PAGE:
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  • The 13 Best Jack White Collaborations
11. Conan O’Brien w/ Jack White

On the heels of Jack White’s new album announcement as well as the unveiling of Blunderbuss’s first single “Love Interruption,” we thought it was time to revisit the hits — not the literal ones, unfortunately — of White’s wide-reaching, strange and prolific career so far. So, here’s 13 of Jack White’s most memorable collaborations. Sorry Bobby D. For once, you didn’t make the cut.

13. Insane Clown Posse and JEFF The Brotherhood w/ Jack White

Definitely one of the higher-ranking moments in Jack White’s “WTF?” register, White collaborated with the kings of the Juggalos for a Third Man Records single, “Leck Mich Im Arsch” and its b-side, “Mountain Girl.” The press image, which is in the above gallery, is particularly spectacular.

“Leck Mich Im Arsch”

12. Jimmy Page and the Edge w/ Jack White

The guitar doc It Might Get Loud featured three guitar icons talking about their three very differing takes on the instrument and how they use it, and, well, it was kind of boring. But, a particular highlight of that film is when White records a new, improvised, “Fly Farm Blues” in ten minutes only using analog equipment. And it’s totally passable!

“Fly Farm Blues”

11. Conan O’Brien w/ Jack White

Conan and Jack White have crossed paths many times, perhaps most memorably as the performing guests on his NBC program Late Night With Conan O’Brien (they played that show’s final episode) or when Conan starred in their video for “The Denial Twist” video (true story: Stereogum senior writer Tom Breihan played a tall Conan clone in that video, or a “Clonan,” if you must). White then issued the spoken word Conan single “And You Call Me Mad?” last year.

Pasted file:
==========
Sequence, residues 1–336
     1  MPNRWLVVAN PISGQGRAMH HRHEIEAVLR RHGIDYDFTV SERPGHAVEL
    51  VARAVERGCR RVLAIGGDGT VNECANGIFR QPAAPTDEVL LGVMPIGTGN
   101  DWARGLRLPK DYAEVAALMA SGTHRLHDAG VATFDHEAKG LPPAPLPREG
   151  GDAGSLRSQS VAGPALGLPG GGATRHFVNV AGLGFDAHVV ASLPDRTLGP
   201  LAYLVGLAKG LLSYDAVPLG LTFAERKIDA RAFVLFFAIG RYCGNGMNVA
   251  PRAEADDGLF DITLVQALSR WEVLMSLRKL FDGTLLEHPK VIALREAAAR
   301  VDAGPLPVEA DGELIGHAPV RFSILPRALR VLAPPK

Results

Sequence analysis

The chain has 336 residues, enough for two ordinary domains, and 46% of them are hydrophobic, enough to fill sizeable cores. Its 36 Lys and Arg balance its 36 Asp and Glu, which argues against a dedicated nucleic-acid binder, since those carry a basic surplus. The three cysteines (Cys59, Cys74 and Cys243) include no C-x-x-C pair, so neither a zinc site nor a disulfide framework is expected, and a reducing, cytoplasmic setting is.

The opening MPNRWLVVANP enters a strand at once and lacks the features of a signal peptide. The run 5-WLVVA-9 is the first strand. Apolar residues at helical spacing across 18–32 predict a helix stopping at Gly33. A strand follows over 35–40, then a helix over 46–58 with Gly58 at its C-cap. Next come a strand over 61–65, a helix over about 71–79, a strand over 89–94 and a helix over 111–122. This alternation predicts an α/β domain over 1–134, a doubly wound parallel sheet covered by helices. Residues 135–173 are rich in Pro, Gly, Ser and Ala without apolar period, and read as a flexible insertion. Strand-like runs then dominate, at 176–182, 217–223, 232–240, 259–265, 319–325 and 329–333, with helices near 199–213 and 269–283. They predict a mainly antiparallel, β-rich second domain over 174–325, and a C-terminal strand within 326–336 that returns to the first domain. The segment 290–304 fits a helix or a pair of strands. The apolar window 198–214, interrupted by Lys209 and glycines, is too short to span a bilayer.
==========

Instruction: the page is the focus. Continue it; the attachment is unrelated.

“And You Call Me Mad?”

10. Alicia Keys w/ Jack White

We can’t say that we remember much about the second Daniel Craig Bond movie, Quantum Of Solace — do you? — but we did remember that White cranked out a serviceable Bond theme called “Another Way To Die” with Alicia Keys.

“Another Way To Die”

9. The Raconteurs

The Ranconteurs are a collection of Midwest rock all-stars like White, Brendan Benson and two members of vintage rock trio the Greenhornes. Sadly, the group never quite added up to the sum of its parts, though they did have some memorable singles. Like:

“Salute Your Solution”

8. Stephen Colbert w/ Jack White

White and Colbert hooked up on a couple of things, most notably the follow up to Colbert’s new-wave “hit” “Charlene (I’m Right Behind You)” called “Charlene II (I’m Over You).” Oh, and they read the National Anthem together on the NYC High Line park once. Listen:

Reciting the National Anthem:

7. The Rolling Stones w/ Jack White

Jack showed up to do “Lovin’ Cup” in the Stones’ Scorcese doc Shine A Light and it sounded pretty nice. A good Stones song choice for White, to be sure.